Deep Learning Implementation
I recently spoke with Jeff Gurulé, the Founder and Principal of Obsys Group, a security consulting firm based in California that has helped clients implement AI solutions. Gurulé is also on the Strategic Advisory Board for Ambient.ai, one of a small handful of firms developing true deep learning solutions in the security industry. This puts him at a unique intersection of technology provider and implementer.
“Deep learning AI is ready for adoption in our industry, but we need to first understand how artificial intelligence works, address privacy concerns, and how to implement it to solve specific safety, security or business risks,” Gurulé says. “We also need to make sure we choose leading companies that truly understand AI and how to operationalize it to get the desired outcomes. Further, we must distinguish between real-time and recording/analytics technologies. Ambient.ai is a real-time technology, others are ‘post-event’ search engines for recorded video with limited intelligence and offering limited utility in a narrower scope.”
As security practitioners, it is incumbent upon us to work with clients to define practical use cases and build AI solutions around them. “The more we learn about artificial intelligence and its application in safety and security, we quickly identify a wide range of use cases,” Gurulé says. “The challenge is prioritizing all the potential uses cases for actual deployment. At its most fundamental level, threat detection and response can be achieved with the use of artificial intelligence-powered tools saving real human labor while improving and normalizing outcomes on a vast scale.
“The key is to choose an artificial intelligence technology that is built by a qualified team,” he adds. “I would also choose a platform that can offer a foundational technology that can leverage your company’s data or knowledge for the long-term. Also, target specific use-cases that, when implemented, can be replicated easily within both security and business contexts.”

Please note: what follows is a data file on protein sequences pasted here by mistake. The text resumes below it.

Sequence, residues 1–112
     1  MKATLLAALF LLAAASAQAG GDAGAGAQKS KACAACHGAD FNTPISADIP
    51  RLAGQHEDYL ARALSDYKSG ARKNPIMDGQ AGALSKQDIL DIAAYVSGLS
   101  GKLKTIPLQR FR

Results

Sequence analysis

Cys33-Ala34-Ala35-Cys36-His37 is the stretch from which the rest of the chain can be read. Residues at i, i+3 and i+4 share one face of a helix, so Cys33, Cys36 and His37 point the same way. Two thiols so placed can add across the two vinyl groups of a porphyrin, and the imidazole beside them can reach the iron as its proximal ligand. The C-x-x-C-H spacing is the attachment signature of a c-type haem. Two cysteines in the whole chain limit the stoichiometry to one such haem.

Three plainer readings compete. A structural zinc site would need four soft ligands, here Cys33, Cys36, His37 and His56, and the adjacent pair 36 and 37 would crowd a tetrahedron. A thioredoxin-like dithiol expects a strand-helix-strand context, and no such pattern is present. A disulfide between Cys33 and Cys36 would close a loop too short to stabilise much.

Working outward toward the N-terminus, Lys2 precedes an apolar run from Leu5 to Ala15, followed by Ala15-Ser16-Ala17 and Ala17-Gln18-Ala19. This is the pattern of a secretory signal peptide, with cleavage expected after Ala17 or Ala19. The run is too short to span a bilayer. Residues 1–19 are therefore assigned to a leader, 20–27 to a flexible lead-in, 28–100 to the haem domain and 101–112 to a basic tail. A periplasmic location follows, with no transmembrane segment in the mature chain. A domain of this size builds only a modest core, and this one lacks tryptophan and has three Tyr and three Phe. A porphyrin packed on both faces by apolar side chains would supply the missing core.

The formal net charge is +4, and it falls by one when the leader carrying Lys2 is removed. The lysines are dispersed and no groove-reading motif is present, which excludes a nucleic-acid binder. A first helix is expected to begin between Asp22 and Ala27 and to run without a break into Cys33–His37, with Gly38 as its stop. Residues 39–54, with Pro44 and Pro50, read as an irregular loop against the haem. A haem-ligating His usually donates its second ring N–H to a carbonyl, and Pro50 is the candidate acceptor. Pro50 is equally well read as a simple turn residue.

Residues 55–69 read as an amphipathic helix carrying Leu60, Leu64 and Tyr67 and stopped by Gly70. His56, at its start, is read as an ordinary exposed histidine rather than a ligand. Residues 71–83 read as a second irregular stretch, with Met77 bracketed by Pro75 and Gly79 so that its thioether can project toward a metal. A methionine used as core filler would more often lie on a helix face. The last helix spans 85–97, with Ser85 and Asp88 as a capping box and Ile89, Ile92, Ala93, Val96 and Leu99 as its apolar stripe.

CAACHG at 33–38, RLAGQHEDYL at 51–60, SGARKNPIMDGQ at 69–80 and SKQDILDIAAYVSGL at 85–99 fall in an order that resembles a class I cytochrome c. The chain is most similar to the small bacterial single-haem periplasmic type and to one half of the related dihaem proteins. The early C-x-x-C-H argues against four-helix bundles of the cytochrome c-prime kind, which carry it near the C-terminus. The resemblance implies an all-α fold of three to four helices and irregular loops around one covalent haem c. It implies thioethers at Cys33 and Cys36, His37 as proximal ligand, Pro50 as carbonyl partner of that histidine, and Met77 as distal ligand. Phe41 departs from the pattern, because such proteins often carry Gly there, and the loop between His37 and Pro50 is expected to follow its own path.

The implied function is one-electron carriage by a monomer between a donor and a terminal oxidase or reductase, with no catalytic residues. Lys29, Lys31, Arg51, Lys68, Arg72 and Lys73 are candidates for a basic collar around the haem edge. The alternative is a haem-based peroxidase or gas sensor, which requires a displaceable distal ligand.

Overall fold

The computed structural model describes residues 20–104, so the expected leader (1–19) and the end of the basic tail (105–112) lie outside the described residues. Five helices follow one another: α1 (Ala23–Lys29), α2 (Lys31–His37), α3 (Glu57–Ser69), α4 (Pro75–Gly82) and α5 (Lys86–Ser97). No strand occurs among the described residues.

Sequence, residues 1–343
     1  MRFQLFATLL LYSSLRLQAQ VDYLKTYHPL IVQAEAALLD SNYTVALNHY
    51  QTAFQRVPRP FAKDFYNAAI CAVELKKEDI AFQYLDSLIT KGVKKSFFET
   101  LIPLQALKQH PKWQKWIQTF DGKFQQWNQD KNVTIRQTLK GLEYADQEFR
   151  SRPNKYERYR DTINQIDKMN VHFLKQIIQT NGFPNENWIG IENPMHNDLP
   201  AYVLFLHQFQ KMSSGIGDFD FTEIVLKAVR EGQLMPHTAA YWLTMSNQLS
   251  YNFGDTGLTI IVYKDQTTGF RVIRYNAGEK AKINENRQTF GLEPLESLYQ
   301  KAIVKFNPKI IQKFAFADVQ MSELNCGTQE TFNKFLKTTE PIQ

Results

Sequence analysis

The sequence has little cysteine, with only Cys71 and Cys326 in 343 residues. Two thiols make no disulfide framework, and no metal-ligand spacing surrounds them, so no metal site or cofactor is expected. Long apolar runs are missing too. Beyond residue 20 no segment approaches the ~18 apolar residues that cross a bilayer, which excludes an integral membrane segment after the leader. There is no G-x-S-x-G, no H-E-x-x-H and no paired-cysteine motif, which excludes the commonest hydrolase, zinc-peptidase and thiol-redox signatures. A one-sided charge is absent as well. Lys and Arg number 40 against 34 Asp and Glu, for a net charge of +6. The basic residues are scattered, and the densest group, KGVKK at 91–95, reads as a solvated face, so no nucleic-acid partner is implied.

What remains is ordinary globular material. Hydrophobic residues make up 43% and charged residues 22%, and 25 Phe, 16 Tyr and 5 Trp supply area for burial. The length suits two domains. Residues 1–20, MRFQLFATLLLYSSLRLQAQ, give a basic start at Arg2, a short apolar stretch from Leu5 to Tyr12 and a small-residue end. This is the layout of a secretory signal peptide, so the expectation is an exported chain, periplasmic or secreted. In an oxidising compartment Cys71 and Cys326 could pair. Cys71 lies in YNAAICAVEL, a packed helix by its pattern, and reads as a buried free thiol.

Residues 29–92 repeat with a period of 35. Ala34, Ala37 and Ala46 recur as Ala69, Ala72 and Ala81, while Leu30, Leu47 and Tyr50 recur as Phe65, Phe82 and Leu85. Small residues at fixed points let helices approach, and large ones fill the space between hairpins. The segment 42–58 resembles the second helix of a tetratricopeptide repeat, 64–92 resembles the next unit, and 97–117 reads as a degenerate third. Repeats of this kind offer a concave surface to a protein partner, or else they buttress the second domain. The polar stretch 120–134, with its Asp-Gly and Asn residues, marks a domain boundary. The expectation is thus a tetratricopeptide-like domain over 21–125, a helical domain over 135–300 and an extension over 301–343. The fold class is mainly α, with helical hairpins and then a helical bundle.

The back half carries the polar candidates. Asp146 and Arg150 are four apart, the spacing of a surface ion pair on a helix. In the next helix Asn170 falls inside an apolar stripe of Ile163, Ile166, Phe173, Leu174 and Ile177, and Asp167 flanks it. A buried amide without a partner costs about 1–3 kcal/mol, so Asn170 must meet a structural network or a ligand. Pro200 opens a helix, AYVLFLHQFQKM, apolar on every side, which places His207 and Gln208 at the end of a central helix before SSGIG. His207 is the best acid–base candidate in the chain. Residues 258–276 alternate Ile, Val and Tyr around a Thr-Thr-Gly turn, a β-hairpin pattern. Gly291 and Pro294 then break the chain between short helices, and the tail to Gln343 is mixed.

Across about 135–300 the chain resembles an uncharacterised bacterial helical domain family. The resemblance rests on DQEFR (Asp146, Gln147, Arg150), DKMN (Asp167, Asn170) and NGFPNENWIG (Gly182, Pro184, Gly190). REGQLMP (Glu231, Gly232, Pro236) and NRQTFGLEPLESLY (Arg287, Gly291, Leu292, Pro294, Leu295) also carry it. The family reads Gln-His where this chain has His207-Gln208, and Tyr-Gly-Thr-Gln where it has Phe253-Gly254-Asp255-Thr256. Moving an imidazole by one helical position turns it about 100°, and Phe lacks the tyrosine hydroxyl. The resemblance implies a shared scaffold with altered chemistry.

In terms of challenges, Gurulé says that “the processing power for data – such as video – will struggle with cloud-based models, as they will need the on-premises hardware to perform artificial intelligence in real time. For now, this will not be an issue for security, as the on-premises model is still preferred to address privacy and data governance.”
Another impediment to the adoption of AI technologies will be social and governmental acceptance. “As security practitioners, we should design and promote a responsible use and applications of artificial intelligence and understand that AI will not eliminate the need for human cognition and contextualization of events, data and information,” Gurulé says.
Brian Coulombe is Principal and Director of Operations at DVS, a division of Ross & Baruzzini. He can be reached at email@example.com, through Linked in at www.linkedin.com/in/brian-coulombe, or on Twitter @DVS_RB.